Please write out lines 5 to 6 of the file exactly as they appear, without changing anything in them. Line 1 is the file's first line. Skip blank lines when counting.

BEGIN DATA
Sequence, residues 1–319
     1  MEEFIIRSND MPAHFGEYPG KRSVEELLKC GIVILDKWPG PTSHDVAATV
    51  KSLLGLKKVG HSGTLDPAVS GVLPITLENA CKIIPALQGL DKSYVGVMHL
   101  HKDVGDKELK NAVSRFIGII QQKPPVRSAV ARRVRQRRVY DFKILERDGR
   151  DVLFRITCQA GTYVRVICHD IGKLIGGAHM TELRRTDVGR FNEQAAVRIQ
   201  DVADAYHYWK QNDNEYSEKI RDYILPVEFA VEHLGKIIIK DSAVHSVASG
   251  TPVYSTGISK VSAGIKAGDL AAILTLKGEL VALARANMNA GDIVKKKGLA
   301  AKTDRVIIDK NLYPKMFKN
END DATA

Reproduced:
   151  DVLFRITCQA GTYVRVICHD IGKLIGGAHM TELRRTDVGR FNEQAAVRIQ
   201  DVADAYHYWK QNDNEYSEKI RDYILPVEFA VEHLGKIIIK DSAVHSVASG